Fumaric acid is a naturally occurring organic compound, a colorless to white, water-soluble solid. It is used as an acidifier or flavoring agent. The malate anion is a nutrient required by many animal species.
White odorless powder or crystalline solid particles with a distinctive acidic taste, more acidic than citric acid.
It is soluble in ethanol (5.76 g/100 g, 30 °C), slightly soluble in water (0.63 g/100 mL, 25 °C) and ether, and extremely slightly soluble in chloroform.
Fumaric acid is also used as an antioxidant, mordant (a substance that helps dyes adhere to fabric), and buffer (helps maintain a specific acidity or alkalinity).
Fumaric acid is used to lower the pH (acidity makes things taste more acidic) which to some extent aids in the better working of antimicrobials, the malic acid itself can kill bacteria.
Fumaric acid breaks the disulfide bonds of elastic proteins in dough. This makes the dough easier to work with. Fumaric acid is used in the making of rye bread and with yeast to make them more acidic.
Fumaric acid combines with leavening agents (carbonyl dioxide gas produced to make bread rise) to create a slow release. Since malic acid only dissolves in warm water, the fermentation action is delayed until the bread is baked.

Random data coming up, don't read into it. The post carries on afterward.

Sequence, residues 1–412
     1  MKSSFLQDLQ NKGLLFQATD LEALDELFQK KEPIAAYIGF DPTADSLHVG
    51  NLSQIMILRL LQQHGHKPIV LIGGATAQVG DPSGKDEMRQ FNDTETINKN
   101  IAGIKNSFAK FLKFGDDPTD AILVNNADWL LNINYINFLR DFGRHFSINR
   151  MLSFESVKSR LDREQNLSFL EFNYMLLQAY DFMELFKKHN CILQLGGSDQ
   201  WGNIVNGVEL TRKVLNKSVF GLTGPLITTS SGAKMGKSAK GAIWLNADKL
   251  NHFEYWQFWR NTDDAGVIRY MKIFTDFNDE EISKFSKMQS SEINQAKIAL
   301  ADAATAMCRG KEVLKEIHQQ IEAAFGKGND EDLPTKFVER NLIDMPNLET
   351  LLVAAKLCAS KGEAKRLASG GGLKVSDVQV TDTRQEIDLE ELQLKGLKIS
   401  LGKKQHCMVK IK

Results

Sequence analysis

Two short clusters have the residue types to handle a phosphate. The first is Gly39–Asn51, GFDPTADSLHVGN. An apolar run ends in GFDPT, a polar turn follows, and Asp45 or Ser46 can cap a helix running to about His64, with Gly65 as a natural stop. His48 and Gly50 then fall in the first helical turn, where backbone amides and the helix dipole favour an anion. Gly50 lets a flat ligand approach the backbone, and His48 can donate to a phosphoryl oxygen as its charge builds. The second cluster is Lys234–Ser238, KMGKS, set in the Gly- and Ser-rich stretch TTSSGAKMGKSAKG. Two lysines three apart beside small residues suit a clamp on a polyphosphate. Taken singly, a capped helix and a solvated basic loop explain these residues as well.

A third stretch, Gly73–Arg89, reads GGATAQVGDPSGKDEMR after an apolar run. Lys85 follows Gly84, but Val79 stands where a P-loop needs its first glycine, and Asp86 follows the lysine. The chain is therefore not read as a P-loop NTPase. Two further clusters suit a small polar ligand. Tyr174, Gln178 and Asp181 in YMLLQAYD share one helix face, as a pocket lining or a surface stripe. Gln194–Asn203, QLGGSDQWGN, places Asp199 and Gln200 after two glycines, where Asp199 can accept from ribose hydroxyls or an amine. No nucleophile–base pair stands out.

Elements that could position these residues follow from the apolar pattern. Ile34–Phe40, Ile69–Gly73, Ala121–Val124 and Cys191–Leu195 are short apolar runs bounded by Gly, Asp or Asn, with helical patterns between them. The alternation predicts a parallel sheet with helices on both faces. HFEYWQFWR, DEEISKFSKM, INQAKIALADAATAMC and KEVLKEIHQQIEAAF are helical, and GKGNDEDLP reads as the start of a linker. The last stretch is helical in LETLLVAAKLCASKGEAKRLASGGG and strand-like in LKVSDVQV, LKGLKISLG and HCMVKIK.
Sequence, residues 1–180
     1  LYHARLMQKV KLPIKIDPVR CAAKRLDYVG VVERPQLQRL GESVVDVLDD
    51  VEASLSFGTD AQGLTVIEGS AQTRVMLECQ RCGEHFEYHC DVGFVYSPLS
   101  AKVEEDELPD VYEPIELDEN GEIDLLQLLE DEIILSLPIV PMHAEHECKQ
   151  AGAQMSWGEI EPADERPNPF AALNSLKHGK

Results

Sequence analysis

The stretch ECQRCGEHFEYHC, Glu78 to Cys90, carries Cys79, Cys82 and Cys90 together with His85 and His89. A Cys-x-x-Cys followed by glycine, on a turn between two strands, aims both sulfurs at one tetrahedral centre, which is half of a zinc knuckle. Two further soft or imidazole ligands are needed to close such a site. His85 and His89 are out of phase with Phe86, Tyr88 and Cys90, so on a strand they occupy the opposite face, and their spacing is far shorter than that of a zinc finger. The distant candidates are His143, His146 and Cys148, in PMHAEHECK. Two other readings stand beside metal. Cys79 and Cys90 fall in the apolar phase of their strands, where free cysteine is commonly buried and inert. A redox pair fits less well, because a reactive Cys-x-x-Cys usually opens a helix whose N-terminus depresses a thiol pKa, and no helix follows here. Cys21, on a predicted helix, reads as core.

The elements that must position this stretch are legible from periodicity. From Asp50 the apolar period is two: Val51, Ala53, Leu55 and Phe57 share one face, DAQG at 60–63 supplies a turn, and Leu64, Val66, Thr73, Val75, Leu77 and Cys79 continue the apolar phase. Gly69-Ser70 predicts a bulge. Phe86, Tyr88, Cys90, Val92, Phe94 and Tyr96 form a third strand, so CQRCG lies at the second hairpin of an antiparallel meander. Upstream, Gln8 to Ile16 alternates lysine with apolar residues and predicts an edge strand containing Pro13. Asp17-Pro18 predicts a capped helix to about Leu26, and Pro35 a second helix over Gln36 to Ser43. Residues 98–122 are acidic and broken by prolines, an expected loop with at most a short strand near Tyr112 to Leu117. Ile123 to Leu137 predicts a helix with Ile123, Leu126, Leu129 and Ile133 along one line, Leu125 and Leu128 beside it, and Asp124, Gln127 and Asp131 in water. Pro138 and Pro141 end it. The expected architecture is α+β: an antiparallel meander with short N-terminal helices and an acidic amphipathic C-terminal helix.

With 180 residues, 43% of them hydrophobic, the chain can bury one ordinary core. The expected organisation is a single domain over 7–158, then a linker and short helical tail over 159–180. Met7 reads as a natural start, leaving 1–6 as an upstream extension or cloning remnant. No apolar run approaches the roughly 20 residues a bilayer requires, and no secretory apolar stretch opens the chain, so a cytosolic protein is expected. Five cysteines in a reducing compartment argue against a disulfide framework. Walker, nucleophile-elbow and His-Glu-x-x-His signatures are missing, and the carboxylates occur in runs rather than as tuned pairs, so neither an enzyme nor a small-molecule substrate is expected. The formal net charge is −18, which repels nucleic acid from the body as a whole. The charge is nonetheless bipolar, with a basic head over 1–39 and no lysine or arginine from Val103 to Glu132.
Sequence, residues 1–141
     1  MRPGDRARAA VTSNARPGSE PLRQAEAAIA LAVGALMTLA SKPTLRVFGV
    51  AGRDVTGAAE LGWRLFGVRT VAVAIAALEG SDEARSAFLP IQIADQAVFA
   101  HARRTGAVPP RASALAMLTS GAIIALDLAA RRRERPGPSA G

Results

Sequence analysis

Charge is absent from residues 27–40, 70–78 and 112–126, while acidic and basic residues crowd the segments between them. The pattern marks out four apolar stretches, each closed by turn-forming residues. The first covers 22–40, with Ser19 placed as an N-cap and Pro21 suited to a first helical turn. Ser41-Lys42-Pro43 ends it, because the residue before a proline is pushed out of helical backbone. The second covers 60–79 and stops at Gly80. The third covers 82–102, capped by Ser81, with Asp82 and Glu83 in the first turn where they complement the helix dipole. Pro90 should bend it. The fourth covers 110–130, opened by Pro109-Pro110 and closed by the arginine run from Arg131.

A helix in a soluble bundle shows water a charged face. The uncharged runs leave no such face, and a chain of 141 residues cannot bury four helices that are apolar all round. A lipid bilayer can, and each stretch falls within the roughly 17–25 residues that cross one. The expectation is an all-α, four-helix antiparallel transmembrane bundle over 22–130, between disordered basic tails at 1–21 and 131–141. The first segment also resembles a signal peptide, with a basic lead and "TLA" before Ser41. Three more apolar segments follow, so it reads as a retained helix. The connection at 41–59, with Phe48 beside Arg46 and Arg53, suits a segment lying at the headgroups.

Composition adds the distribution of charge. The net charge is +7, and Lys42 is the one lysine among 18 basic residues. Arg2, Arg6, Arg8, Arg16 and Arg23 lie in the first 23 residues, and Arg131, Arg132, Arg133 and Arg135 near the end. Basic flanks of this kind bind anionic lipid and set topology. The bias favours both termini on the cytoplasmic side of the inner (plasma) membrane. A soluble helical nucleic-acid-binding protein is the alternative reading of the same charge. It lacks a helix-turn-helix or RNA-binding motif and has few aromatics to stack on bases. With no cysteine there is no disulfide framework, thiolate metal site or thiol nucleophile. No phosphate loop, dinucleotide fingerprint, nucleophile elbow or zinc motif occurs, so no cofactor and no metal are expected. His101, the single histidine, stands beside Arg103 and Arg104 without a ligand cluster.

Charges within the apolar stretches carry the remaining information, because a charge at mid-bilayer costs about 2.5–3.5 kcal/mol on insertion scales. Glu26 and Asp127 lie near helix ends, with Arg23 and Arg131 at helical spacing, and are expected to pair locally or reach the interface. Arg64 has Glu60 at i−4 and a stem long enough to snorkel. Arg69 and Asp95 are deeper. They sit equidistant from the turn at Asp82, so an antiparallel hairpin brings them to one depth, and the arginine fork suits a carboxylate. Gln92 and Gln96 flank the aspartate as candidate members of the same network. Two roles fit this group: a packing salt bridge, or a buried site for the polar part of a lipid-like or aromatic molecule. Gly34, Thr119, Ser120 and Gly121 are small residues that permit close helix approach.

Oxalic acid is an organic compound with the chemical formula H₂C₂O₄. It is a weak dibasic acid, widely distributed in plant, animal, and fungal tissue, and performs different functions in different living organisms. Studies have found that more than 100 plants are rich in oxalic acid, especially spinach, amaranth, beetroot, pigweed, taro, sweet potato, and rhubarb. Oxalic acid is a colorless columnar crystal that is soluble in water but insoluble in organic solvents such as ether. The oxalate anion has strong chelating properties and is another type of metal chelator in plant-derived foods. When oxalic acid binds with some alkaline earth metal elements, its solubility is greatly reduced, as with calcium oxalate, which is almost insoluble in water.
Purifying agents in the pharmaceutical industry, especially for antibiotics such as tetracycline and chloramphenicol;
Precipitants in rare earth mineral processing;
Bleaching agents in the textile industry, wood pulp bleaching;
Rust removal agents for metal processing;
Abrasives, such as marble polishing agents;
Wastewater treatment for removing calcium from water.
Fruit acids, also known as α-hydroxy acids (AHAs), are a group of non-toxic organic compounds that have historically been used as beauty aids. Fruit acids permeate the skin, stimulate the release of new collagen, and make the skin look younger. AHAs also help to break down old, external dead cells that cause skin to look dull and flawed.
As ingredients for food and beverages.
As components for health products and weight loss aids.
As nutritional supplement ingredients.
As components for health foods and cosmetics.